September 2015

FOOD FOR THOUGHT : A single writer’s kitchen adventures

Author: Denise K. James

Etched at the top of my perennial to-do list—along with write for Vogue, lose the extra weight and visit Europe—is the vow to cook for myself more. It’s a friendly reminder that not every meal has to involve champagne, tipping someone or some other element of excitement. Sometimes, we adults should just buckle down, save the dough and dine at home. And, mind you, plenty of adults cook at home with far more gusto than it takes for me to whip out my credit card at the umpteenth restaurant of the week. These lucky foodies have cooking absolutely nailed. Me? I’m still working on it. But I’m getting better.

I was never encouraged to learn to cook. My mom’s array of interests never didn’t include cooking, and, as a child, food did not intrigue me. It already seemed to be what it is now: a reason to socialize. I’d eat my stews and soups as a small girl, but by my teenage years, a box of French fries with my best pal Kristi was much more enticing than learning to boil rice.

But the years marched on, and those same friends who joined me at the drive-thru or pizza parlor evolved into grown-ups with spouses and children and the need—or the desire or both—to eat at home. I, meanwhile, was evolving as well, not into a wife or a mother, but into a more sophisticated eater. French fries and pizza were replaced with sushi and steak. I had to stop, or I’d risk eating my retirement. Thus, I’ve finally conceded that making food might be a necessity. The adventure has begun, for better or worse.

Let me backpedal a bit. There were a few experiments in my 20s, but these were mostly failures, like the time I ran milk through the coffee maker in the attempt to make hot chocolate. Actually, if I had to name the top issues that caused me the most kitchen anxiety over the years, they would probably be using fancy appliances (like coffee makers), wielding sharp objects and not knowing how to season things or time things properly. I mean, aside from salt and pepper, or garlic and olive oil, I’m pretty darn stumped. This is where I have to politely disagree with those who say that anyone who can read a recipe can cook just fine. Making something turn out delicious is an entirely different story. And deliciousness, not edibility, is my goal. I’m spoiled; I admit it.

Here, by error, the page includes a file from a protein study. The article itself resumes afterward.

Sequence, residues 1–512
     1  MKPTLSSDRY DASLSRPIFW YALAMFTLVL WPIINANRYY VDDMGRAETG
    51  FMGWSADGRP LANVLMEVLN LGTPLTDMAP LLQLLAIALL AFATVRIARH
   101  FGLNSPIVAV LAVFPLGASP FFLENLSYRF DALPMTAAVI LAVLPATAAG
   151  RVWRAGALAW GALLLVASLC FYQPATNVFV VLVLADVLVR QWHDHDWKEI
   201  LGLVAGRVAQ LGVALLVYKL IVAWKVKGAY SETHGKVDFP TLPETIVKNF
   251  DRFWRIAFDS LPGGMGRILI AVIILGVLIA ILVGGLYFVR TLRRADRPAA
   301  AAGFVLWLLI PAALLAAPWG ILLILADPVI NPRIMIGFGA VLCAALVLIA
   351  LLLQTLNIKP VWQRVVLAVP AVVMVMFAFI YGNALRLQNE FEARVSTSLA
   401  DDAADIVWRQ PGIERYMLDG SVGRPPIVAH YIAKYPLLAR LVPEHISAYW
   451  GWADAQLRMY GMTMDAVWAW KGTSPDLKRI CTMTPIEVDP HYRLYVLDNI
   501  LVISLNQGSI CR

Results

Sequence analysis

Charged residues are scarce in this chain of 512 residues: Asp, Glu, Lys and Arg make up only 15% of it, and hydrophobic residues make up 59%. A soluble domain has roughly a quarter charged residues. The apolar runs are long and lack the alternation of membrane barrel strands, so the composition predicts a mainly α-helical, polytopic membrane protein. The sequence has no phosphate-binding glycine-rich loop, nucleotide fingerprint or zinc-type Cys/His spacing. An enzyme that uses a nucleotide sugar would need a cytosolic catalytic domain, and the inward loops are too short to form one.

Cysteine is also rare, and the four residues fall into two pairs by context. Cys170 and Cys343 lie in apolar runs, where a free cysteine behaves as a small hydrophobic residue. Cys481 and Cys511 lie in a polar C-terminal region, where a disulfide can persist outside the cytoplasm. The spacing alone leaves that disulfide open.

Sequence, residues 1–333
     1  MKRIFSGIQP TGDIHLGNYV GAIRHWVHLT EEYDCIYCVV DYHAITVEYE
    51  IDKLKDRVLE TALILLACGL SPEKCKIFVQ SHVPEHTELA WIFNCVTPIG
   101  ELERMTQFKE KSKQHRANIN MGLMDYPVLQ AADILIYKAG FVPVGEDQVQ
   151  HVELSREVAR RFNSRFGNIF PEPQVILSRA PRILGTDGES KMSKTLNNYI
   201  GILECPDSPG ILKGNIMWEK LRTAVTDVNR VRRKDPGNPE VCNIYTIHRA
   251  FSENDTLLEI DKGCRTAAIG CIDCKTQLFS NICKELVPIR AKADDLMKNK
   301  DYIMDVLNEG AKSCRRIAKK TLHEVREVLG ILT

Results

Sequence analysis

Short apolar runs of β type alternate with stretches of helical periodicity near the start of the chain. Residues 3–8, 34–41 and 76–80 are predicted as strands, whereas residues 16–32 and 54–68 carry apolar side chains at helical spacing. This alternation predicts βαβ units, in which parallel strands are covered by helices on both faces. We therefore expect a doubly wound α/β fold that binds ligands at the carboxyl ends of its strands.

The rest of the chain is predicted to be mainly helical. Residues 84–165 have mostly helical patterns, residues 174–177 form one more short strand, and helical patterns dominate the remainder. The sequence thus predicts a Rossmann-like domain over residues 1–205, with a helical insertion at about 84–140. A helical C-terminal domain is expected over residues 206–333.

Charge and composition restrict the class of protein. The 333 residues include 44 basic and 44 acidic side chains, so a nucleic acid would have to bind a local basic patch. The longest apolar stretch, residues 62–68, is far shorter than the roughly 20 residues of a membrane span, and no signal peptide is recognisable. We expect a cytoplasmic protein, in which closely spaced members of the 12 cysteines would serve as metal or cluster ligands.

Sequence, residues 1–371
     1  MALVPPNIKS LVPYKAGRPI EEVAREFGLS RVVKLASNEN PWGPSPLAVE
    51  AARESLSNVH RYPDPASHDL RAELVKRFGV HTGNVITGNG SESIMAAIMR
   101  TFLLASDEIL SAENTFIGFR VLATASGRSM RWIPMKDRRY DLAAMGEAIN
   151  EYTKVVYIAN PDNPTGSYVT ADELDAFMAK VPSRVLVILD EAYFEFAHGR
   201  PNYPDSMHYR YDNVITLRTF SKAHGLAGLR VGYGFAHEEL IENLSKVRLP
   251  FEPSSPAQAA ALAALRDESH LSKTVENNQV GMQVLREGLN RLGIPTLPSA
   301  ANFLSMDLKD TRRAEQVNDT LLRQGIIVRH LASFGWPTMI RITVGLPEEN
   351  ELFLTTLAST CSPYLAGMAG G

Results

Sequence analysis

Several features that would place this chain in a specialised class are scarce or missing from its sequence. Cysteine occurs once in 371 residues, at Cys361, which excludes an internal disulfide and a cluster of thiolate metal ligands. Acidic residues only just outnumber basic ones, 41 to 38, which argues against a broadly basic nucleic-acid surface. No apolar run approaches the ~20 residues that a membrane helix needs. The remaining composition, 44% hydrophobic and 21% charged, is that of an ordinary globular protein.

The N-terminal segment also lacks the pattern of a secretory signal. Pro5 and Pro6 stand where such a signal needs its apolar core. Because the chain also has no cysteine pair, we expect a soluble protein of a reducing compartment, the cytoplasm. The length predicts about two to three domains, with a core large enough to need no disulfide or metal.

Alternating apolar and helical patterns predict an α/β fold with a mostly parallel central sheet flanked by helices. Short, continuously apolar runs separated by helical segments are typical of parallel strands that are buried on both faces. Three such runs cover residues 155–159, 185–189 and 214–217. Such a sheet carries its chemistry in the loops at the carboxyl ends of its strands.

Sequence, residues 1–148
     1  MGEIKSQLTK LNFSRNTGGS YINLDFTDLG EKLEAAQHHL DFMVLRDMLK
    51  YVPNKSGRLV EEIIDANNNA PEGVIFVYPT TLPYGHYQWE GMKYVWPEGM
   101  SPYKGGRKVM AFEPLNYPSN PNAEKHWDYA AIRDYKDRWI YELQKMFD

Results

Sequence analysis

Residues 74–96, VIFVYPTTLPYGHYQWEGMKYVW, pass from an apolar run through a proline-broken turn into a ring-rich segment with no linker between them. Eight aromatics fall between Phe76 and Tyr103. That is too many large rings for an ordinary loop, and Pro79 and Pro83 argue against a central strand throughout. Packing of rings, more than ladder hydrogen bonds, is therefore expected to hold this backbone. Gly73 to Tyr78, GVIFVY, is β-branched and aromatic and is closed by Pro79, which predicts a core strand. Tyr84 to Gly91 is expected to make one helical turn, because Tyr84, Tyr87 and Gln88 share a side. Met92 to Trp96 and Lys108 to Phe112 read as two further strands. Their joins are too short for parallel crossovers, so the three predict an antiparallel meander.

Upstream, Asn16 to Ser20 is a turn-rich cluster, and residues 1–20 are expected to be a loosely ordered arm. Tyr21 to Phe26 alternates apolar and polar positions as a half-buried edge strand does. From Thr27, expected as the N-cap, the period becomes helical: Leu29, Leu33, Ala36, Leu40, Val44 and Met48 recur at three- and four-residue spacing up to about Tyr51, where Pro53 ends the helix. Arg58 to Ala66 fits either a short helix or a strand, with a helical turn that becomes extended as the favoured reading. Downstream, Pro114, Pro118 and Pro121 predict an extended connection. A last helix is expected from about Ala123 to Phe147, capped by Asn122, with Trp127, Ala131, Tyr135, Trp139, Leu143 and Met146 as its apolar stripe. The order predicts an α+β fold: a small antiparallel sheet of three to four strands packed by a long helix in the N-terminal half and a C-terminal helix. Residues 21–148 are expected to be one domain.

Fortunately, I’ve discovered a few tricks that have made food preparation in my 30s not so awful. I’m proud to share them with you here, in case you are not a gourmet chef.

Get inspiration from your own skill level. I was recently at a friend’s house and found her book about jazzing up cake mix. It literally had hundreds of ways to make “fancy” cake from a box, and I was intrigued because I knew I could get a lot of use out of the book. That said, it’s a good idea to stick to cookbooks, websites, magazines—even classes and lessons—on your current cooking level. You’ll feel empowered rather than intimidated, which is essential when learning to make food.

Use and keep the easy recipes. Don’t understand what a recipe is talking about? Seek out another one that speaks your language. When you find recipes that you can master without issues, keep them around. I baked an epic peach pie last summer, and I certainly didn’t use a recipe that called for fluting my own from-scratch crust. But when the time came to cut a warm slice of pie and pair it with ice cream, no one knew my recipe had been the easiest one on the Internet. They just knew it was good!

Dress up instant cuisine with fancy touches. So you have to bring dessert to a potluck brunch? I guarantee a frozen pastry that you baked then doctored up with hazelnut spread and berries is more impressive than boxed doughnuts from the supermarket. I’m also a big believer in bagged salads, as long as you don’t forgo nice extras such as chopped fresh tomatoes, peppers or exotic nuts. And those pull-apart cookies are so much better if you grace them with a candy topper. The key is to make your extra touches a little bit gourmet.

Get good at something and reformat it. One of the first things I got a handle on was pan-searing a piece of fresh fish. I’d pair the fish with mashed potatoes and a bagged salad for a simple dinner. Then I realized that I could also make fish tacos! Just add a little bit of salsa and cabbage and voila! The next thing I knew, I had another meal under my belt. Ask yourself what new dish you can make with the skills you already have.
Keep ingredients around that make you feel comfortable. Certain ingredients still make me feel a little uneasy (fancy onions are an example), so they’re not in my refrigerator or pantry. Instead, I keep a variety of things I know how to deal with (eggs, cheese, pasta, chicken) so I can whip up something tasty without too much stress.

Don’t experiment at group functions. Last Christmas, I made the mistake of baking lime icebox cookies that I’d seen in a magazine (admittedly, they were above my skill level), then bringing them to a holiday party. They were terrible, and although my friends never admitted it, we all knew the truth. Parties, dinners and other functions are not the time to try out a new recipe. Stick to that dressed up pastry. Trust me, the guests will appreciate it. 

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